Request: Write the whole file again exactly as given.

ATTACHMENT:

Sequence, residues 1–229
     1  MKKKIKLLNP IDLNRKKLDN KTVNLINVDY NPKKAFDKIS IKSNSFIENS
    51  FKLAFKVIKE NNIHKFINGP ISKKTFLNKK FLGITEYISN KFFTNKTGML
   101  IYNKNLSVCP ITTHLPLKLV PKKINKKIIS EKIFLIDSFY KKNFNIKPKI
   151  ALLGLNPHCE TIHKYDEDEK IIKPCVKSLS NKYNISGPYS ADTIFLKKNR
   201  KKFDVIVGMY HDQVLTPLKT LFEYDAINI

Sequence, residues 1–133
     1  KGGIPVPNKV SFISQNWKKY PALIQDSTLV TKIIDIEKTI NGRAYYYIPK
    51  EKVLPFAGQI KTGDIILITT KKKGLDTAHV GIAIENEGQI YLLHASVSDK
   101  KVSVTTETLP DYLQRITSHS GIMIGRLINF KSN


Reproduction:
Sequence, residues 1–229
     1  MKKKIKLLNP IDLNRKKLDN KTVNLINVDY NPKKAFDKIS IKSNSFIENS
    51  FKLAFKVIKE NNIHKFINGP ISKKTFLNKK FLGITEYISN KFFTNKTGML
   101  IYNKNLSVCP ITTHLPLKLV PKKINKKIIS EKIFLIDSFY KKNFNIKPKI
   151  ALLGLNPHCE TIHKYDEDEK IIKPCVKSLS NKYNISGPYS ADTIFLKKNR
   201  KKFDVIVGMY HDQVLTPLKT LFEYDAINI

Sequence, residues 1–133
     1  KGGIPVPNKV SFISQNWKKY PALIQDSTLV TKIIDIEKTI NGRAYYYIPK
    51  EKVLPFAGQI KTGDIILITT KKKGLDTAHV GIAIENEGQI YLLHASVSDK
   101  KVSVTTETLP DYLQRITSHS GIMIGRLINF KSN